If it is, the actual RPG you would be playing will have a section or a whole book devoted to rules and advice for the GM. If you decide to take up the responsibility and privileges of the GM role, the rule books for the actual RPG you'd be player should be your next destination. And more generally than that, there's a whole internet full of advice for novice GMs. If you take up the GM mantle and get more acquainted with the role, you're certain to come up with more specific questions, and specific questions are easier to answer.

An alternative to GMing that's still RPGs

In the case that you decide that being GM is not what you want to do (and I'm assuming your friend doesn't either given the hard sell she's made to you), you don't have to give up on RPGs, as there's an alternative that may satisfy her and let you still explore/adopt the hobby: not every RPG requires a GM.

Because roleplaying games are very related to improv acting, there are games that take this similarity to heart and arrange their rules such that the game just ... works, without needing a central director, the same way some improv guidelines can allow every actor to be working on stage at once without needing one to be a non-acting coordinator.

These RPGs are called "GM-less", and there are a lot of them. A few ways to find out about them:

  • We have a tag that you can browse through to get a small sample of what's out there, based on what ones people ask questions about here.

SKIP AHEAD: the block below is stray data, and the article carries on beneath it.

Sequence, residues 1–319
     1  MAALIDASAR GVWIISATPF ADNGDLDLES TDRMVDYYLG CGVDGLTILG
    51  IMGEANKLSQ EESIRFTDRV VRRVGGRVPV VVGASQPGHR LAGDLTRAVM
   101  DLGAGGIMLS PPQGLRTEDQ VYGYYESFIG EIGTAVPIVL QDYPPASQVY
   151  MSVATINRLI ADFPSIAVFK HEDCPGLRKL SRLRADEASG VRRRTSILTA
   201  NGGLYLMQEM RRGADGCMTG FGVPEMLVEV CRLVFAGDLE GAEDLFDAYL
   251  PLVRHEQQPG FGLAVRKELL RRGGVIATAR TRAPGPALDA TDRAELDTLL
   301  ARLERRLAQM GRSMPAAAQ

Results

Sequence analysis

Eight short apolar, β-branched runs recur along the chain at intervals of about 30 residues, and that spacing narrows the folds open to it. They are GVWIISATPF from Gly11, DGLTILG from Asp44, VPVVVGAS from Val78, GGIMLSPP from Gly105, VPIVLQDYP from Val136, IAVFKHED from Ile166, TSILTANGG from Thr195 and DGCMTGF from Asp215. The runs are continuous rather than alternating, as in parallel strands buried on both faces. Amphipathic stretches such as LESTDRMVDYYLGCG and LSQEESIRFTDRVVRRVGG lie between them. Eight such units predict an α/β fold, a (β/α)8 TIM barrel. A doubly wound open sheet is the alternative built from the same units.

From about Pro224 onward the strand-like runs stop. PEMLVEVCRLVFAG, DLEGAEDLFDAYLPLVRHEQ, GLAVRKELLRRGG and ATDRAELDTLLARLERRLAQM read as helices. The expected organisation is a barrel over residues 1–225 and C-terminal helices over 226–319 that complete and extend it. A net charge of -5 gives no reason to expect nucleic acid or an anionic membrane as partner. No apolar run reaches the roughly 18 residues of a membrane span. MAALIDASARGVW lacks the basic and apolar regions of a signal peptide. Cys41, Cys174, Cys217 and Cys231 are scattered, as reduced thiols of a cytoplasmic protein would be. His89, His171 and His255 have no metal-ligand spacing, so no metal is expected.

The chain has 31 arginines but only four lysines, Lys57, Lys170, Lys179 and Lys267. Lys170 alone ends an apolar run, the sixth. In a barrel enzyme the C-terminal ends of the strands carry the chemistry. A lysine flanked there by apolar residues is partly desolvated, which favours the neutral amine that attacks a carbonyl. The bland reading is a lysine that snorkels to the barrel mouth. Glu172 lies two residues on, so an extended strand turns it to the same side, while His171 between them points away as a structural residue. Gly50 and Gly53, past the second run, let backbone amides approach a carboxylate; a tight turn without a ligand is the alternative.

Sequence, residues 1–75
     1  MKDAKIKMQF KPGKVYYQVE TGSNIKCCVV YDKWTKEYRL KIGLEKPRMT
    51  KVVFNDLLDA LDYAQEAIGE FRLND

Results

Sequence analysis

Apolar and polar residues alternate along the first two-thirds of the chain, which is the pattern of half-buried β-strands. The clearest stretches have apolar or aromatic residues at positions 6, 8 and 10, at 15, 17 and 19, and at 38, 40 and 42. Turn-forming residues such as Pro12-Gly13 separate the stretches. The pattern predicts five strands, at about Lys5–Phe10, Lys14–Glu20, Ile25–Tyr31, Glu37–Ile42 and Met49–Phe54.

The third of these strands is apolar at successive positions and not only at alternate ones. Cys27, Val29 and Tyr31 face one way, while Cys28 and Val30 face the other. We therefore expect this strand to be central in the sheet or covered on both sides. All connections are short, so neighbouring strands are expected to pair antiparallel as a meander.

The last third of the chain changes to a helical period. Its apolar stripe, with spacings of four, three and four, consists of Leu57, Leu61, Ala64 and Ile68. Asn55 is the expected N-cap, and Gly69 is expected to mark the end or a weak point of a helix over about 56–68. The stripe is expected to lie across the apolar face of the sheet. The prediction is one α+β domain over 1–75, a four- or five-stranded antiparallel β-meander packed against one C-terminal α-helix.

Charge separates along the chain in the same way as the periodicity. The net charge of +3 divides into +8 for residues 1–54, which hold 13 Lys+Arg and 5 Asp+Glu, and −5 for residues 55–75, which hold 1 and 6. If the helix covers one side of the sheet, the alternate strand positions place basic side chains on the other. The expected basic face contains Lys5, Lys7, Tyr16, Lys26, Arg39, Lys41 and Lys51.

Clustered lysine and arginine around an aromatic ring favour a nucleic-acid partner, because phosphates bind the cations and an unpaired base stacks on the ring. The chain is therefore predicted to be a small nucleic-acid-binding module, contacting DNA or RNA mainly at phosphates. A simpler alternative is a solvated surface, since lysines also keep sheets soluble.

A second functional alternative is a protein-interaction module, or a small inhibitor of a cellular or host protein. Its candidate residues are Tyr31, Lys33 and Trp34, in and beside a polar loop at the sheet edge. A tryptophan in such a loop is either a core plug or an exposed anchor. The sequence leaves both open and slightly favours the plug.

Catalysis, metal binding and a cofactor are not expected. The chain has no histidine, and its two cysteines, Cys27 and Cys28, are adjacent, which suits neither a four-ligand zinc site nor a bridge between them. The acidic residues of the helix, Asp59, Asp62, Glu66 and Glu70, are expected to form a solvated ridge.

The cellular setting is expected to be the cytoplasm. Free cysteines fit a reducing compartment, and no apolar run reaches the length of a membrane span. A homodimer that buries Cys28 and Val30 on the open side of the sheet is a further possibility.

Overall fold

• RPGGeek hosts a searchable, categorised database of RPGs—their GM-less category lists almost 500 RPGs (in the "Linked Items" list at the bottom of the page).
  • Pluggin gmless rpg into your favourite Internet search engine will get you many options, as well as interesting discussions about how GM-less games work.

As a bonus, GM-less games often have shorter rules than traditional "GM-ful" games, so it'll be quicker to actually get from zero knowledge to playing. As an end in themselves they are very satisfying RPGs, but they are also an easy way to get into the hobby, since they demand less organisation before play, and don't require the up-front commitment of one player to a role they can't know will suit them beforehand.

share|improve this answer
    
The reference was really helpful! In turns out my friend was really looking for a GM for the group since no one in the group wanted to GM much so we're going to play a gm-less game so I can get used to playing. But thank you for translating my super-broad question into something managable. I don't feel nearly as lost as when I was asked to play in the first place. –  Ice-9 Apr 4 at 13:23
1  
@Ice-9 I'm very happy to hear that! That first experience of starting to "get it" is a good feeling. Allow me to be the first then: welcome to the hobby. :) –  SevenSidedDie Apr 4 at 16:36